Mutualistic interactions typically involve the exchange of different commodities between species . Nutritious secretions are produced by a number of insects and plants in exchange for services such as defense [2, 3]. These rewards are valuable metabolically and can be used to reinforce the behavior of symbiotic partners that can learn and remember them effectively [4, 5]. We show here novel effects of insect exocrine secretions produced by caterpillars in modulating the behavior of attendant ants in the food-for-defense interaction between lycaenid butterflies and ants . Reward secretions from the dorsal nectary organ (DNO) of Narathura japonica caterpillars function to reduce the locomotory activities of their attendant ants, Pristomyrmex punctatus workers. Moreover, workers that feed from caterpillar secretions are significantly more likely to show aggressive responses to eversion of the tentacle organs of the caterpillars. Analysis of the neurogenic amines in the brains of workers that consumed caterpillar secretions showed a significant decrease in levels of dopamine compared with controls. Experimental treatments in which reserpine, a known inhibitor of dopamine in Drosophila, was fed to workers similarly reduced their locomotory activity. We conclude that DNO secretions of lycaenid caterpillars can manipulate attendant ant behavior by altering dopaminergic regulation and increasing partner fidelity. Unless manipulated ants also receive a net nutritional benefit from DNO secretions, this suggests that similar reward-for-defense interactions that have been traditionally considered to be mutualisms may in fact be parasitic in nature.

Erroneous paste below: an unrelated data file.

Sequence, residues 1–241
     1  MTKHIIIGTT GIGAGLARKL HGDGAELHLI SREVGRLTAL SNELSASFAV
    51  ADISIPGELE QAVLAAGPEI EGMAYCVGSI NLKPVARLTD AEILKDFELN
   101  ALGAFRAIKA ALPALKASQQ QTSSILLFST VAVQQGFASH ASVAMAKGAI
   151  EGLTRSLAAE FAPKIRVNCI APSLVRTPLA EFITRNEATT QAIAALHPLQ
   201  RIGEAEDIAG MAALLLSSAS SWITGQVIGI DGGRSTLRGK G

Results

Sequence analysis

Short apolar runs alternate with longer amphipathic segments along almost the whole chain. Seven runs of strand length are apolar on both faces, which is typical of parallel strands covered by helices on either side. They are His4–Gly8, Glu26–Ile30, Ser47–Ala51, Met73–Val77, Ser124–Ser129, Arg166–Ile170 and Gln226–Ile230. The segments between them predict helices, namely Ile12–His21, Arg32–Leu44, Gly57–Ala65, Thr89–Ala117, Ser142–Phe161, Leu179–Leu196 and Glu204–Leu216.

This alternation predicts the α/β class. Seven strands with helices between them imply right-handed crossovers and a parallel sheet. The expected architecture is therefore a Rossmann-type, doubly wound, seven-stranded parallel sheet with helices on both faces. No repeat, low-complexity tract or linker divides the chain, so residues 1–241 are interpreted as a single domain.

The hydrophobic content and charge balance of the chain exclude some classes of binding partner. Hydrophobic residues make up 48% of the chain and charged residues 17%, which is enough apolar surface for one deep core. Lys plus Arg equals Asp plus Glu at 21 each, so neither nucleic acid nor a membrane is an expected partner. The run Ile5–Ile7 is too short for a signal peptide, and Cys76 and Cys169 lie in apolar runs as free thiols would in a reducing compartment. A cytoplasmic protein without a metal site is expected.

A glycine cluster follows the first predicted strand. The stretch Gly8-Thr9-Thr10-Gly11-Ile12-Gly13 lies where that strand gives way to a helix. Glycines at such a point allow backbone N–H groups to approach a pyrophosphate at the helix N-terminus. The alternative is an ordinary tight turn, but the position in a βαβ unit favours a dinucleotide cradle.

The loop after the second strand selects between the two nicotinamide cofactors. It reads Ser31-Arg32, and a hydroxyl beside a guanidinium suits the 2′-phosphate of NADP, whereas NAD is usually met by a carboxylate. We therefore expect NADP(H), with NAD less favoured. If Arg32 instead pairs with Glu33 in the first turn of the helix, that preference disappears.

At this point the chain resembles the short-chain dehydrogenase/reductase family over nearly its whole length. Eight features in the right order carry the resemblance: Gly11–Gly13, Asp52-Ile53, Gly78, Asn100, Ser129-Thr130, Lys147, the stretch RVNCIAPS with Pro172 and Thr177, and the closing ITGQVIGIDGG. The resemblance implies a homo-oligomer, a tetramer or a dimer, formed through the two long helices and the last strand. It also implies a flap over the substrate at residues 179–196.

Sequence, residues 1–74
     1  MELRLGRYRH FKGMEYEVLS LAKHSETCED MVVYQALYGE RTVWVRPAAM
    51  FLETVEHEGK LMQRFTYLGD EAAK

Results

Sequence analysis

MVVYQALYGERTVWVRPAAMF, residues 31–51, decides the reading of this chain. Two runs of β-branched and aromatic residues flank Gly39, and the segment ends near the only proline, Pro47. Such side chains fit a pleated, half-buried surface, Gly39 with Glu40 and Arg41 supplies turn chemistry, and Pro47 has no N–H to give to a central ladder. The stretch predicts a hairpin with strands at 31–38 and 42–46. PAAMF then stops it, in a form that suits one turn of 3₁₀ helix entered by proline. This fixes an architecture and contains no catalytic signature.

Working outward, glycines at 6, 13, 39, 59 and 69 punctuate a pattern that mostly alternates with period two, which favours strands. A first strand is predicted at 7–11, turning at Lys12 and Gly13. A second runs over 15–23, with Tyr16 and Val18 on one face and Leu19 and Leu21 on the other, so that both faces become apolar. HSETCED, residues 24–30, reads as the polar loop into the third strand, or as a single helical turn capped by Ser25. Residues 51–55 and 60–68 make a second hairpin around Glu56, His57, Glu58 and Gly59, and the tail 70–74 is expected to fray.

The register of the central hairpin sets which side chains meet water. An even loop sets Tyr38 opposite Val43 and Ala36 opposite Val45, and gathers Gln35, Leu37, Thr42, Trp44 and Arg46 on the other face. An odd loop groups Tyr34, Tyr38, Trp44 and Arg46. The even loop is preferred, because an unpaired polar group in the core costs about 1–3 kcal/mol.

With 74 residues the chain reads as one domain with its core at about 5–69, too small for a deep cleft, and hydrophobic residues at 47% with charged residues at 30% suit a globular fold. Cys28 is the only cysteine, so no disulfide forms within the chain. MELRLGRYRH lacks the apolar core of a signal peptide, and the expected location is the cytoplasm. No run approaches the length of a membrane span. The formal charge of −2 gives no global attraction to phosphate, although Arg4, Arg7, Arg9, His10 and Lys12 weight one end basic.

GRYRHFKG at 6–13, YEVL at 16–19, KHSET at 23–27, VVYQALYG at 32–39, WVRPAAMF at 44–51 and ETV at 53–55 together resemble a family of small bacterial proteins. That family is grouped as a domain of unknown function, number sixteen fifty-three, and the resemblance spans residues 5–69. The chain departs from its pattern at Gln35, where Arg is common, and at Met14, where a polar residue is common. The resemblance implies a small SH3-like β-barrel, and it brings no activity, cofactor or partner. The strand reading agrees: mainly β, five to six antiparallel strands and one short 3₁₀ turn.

Eusociality is taxonomically rare, yet associated with great ecological success. Surprisingly, studies of environmental conditions favouring eusociality are often contradictory. Harsh conditions associated with increasing altitude and latitude seem to favour increased sociality in bumblebees and ants, but the reverse pattern is found in halictid bees and polistine wasps. Here, we compare the life histories and distributions of populations of 176 species of Hymenoptera from the Swiss Alps. We show that differences in altitudinal distributions and development times among social forms can explain these contrasting patterns: highly social taxa develop more quickly than intermediate social taxa, and are thus able to complete the reproductive cycle in shorter seasons at higher elevations. This dual impact of altitude and development time on sociality illustrates that ecological constraints can elicit dynamic shifts in behaviour, and helps explain the complex distribution of sociality across ecological gradients.
We review recent work at the interface of economic game theory and evolutionary biology that provides new insights into the evolution of partner choice, host sanctions, partner fidelity feedback and public goods. (1) The theory of games with asymmetrical information shows that the right incentives allow hosts to screen-out parasites and screen-in mutualists, explaining successful partner choice in the absence of signalling. Applications range from ant-plants to microbiomes. (2) Contract theory distinguishes two longstanding but weakly differentiated explanations of host response to defectors: host sanctions and partner fidelity feedback. Host traits that selectively punish misbehaving symbionts are parsimoniously interpreted as pre-adaptations. Yucca-moth and legume-rhizobia mutualisms are argued to be examples of partner fidelity feedback. (3) The theory of public goods shows that cooperation in multi-player interactions can evolve in the absence of assortment, in one-shot social dilemmas among non-kin. Applications include alarm calls in vertebrates and exoenzymes in microbes.